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domingo, 20 de novembro de 2011

Schools would be wise to adopt Granville district's social media policies

The recent display of photos showing Newark teachers partying in a hot tub on Facebook should be a wake-up call to many local school districts.
The pictures, sent anonymously to The Advocate, showed teachers in their bathing suits holding beer bottles. Another picture showed teachers holding syringe shots apparently containing liquor.
The posting of these photos did not violate any Newark school district policy, nor did they show any illegal behavior. Many would argue there was nothing wrong with the pictures at all.
But the photos could have been viewed by students if they had been Facebook friends of the teacher who posted the photos, which still would not be a violation of school policy for Newark and other districts.
This clearly is a sticky area, since adults are free to conduct themselves as they want when off work.
At the same time, a public employer, such as a school district, certainly can expect its professional staff to represent the district well in their off-work behavior. Public displays of alcohol use certainly doesn't help convince students to refrain from the same behavior.
Even more concerning, we've too often heard of cases where teachers have been accused of improper sexual relationships with students, including situations where Facebook or text messages to student phones aided communications.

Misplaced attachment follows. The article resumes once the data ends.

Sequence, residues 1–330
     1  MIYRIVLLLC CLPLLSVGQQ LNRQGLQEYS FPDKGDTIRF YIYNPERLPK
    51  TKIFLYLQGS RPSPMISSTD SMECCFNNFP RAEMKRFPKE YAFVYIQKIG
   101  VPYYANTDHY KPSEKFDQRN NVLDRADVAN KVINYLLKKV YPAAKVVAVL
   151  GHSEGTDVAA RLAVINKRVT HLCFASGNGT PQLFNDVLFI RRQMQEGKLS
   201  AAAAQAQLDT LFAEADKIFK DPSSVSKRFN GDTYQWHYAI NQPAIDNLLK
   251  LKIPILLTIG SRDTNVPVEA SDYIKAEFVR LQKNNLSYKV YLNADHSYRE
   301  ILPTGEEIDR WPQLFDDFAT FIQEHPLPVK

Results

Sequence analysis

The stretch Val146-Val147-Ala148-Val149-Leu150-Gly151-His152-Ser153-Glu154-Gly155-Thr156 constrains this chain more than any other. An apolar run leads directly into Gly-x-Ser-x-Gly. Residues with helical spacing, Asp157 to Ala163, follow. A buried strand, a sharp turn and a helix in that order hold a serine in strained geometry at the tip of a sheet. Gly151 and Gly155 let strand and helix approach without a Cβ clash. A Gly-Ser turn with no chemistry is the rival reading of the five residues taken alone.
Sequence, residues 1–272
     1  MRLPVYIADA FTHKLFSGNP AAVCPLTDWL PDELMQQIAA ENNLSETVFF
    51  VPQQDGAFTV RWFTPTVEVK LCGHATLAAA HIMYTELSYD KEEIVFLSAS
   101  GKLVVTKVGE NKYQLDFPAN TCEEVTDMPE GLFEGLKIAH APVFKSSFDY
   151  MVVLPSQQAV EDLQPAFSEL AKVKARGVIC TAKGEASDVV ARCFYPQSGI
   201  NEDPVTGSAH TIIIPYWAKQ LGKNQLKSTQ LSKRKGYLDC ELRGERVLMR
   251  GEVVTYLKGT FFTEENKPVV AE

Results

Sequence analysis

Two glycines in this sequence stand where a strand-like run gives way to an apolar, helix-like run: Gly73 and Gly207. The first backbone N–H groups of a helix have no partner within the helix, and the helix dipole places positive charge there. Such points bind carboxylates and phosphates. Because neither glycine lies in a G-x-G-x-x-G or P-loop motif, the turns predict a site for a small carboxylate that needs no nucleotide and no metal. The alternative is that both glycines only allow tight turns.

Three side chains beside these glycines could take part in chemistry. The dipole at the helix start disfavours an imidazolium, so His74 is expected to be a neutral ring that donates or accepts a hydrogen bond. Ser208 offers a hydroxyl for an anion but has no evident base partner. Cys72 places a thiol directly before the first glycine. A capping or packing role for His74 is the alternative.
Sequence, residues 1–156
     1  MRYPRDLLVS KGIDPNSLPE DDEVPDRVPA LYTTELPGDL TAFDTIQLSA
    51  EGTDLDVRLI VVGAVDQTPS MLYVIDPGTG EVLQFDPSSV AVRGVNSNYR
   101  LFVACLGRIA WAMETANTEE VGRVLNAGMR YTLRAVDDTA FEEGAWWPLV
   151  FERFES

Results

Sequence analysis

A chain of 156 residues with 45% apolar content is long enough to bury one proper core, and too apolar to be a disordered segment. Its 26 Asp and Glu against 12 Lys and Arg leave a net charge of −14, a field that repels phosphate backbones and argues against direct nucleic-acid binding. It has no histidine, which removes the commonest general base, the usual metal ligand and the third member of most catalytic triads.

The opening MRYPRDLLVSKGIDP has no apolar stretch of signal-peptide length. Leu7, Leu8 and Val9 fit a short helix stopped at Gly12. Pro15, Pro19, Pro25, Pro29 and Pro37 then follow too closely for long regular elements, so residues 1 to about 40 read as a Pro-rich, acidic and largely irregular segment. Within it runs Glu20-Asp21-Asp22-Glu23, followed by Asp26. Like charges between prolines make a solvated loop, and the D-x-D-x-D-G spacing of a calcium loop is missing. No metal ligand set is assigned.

That's why we strongly urge Newark and other school districts to adopt the Granville district's strong four-part policy, including:
» Prohibiting the posting of any content that could cause disruption in the classroom.
» Prohibiting teacher-student contact through websites, social media or personal email.
» Not allowing teachers to give social media passwords to students.
» Disallowing social media access during school hours.
Many districts do allow staff-to-student electronic communication through school controlled services where district officials can track interactions. That makes perfect sense.
But there's no reason for teachers to be using Facebook or other third-party social media tools to communicate with students outside school. It's a simple policy that sends a clear message.
At the same time, we would remind everyone that when you post anything online, be certain you would want it to be seen by everyone. What happens on Facebook doesn't always stay private

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